It's odd to go back nearly four years and rifle my weblog archives for old stories, way back when weblogs were a risqué thing that nobody understood. Those were the halcyon days when Blogspot, Blogger and Livejournal weren't around (or maybe one of them was, but it was largely irrelevant) and when everyone was writing their own weblog engine.
(Before that everyone was writing their own Wiki engine - remember, Wikis predate blogs, even if they've been "rediscovered" since - and now they're all writing GTD applications on Rails, but that's another story.)
Back in those days (when we were here), it was mostly about creative writing. Regular readers will know that I have a warped sense of humor, and when I wrote in Portuguese (or rather, in my odd, lilting, English-tainted semantic equivalent of Portuguese, since I've spent pretty much all of my adult life reading, thinking and writing in English), that humor had a keen edge that I sometimes would like to get back.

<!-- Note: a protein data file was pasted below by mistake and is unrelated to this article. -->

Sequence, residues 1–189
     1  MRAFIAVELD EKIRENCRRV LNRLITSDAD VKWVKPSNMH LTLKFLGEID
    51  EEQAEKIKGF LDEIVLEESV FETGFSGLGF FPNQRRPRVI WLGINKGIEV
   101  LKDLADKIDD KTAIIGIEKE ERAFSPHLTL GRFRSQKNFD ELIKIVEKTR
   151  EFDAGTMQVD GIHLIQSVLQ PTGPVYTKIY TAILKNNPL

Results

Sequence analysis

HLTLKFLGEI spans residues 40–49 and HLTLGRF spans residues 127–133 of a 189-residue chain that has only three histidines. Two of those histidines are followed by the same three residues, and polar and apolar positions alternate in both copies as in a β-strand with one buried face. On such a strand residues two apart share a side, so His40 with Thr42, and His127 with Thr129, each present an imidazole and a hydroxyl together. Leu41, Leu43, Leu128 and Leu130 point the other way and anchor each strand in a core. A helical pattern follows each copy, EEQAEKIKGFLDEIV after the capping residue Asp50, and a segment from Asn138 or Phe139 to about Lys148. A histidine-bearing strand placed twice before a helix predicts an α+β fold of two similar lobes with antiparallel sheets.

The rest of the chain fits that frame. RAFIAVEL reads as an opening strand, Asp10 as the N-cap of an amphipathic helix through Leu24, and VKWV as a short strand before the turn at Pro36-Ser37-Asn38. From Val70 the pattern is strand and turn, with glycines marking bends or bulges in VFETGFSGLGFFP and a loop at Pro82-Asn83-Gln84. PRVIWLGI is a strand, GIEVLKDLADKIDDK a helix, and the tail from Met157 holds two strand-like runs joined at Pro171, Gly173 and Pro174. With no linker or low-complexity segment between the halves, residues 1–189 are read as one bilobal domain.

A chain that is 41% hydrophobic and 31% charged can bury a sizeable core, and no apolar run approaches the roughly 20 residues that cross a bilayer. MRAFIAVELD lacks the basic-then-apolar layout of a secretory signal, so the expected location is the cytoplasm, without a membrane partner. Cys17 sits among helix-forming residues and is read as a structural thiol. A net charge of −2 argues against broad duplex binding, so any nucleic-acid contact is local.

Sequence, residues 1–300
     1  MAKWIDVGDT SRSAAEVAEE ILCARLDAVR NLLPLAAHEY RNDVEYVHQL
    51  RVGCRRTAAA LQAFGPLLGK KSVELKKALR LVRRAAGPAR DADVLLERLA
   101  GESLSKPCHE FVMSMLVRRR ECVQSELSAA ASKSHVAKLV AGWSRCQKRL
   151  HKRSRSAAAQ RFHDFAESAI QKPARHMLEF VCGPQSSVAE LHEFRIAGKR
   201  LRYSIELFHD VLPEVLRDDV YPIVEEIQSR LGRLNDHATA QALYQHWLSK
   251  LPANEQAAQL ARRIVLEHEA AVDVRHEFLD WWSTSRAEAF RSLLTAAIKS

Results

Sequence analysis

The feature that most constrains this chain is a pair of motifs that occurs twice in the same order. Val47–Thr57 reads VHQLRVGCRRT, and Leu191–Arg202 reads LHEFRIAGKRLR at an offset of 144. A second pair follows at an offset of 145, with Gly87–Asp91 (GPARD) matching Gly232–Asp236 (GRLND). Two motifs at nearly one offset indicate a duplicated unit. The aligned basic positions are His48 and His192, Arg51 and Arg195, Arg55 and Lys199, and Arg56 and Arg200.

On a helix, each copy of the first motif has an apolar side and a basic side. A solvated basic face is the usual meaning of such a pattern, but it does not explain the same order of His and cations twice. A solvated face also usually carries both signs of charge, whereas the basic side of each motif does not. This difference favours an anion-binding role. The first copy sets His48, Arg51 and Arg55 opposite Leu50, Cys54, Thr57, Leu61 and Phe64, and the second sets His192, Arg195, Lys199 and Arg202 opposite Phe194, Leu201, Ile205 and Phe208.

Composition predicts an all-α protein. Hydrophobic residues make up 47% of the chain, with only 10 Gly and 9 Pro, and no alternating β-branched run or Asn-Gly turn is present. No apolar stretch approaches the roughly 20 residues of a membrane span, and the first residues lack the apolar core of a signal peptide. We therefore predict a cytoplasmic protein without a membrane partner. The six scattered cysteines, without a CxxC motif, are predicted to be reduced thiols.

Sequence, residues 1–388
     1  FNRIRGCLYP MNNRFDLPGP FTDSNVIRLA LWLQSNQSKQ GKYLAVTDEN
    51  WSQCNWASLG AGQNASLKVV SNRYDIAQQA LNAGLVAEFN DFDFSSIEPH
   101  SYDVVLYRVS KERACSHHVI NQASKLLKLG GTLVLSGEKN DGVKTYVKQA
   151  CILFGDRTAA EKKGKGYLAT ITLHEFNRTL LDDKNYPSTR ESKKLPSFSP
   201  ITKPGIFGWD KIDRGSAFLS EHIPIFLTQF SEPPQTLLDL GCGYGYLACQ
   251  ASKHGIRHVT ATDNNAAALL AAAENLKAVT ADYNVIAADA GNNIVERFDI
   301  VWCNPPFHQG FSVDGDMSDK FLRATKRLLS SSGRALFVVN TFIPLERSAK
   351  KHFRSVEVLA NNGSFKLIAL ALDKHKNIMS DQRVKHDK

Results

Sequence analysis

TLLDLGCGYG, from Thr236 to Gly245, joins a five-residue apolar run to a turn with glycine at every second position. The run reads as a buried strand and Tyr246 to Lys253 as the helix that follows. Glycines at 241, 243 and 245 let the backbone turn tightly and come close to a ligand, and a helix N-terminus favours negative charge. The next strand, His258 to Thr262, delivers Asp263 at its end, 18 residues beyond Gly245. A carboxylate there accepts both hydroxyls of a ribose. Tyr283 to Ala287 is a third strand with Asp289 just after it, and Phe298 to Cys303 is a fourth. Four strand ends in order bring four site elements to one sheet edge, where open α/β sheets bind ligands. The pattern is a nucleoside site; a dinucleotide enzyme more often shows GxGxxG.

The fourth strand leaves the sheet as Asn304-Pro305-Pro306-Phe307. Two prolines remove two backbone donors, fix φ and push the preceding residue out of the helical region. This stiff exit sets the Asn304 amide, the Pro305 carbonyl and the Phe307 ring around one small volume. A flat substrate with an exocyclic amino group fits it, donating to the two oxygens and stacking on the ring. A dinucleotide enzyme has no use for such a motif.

Fortunately, I switched directions and moved to tech-oriented (or tech-inspired) writing before the weblog mania took this dinky little country of ours by storm.
I took the time to click through one of the national rankings, and there isn't a real story-teller in the bunch - it all seems like random cut and paste of the same old recipes of bigotry, political stupidity and bad-mouthing, with a heavy dollop of "reality blogging" thrown in.
(There is so much you can read about socks, teenage angst, football or politics, and they all generally stink as writing material.)
But I guess that's to be expected - it's pretty much the same on the US blog scene as far as I can discern, and after all, I can't say I have time to follow anything beyond the blogs of the few people I know (personally or electronically).
I do follow a few amazing photo blogs (I should put up a list sometime), but it's odd that there isn't more truly creative writing out there. Or if there is, it's pretty well hidden.
Maybe I should take up that torch again sometime.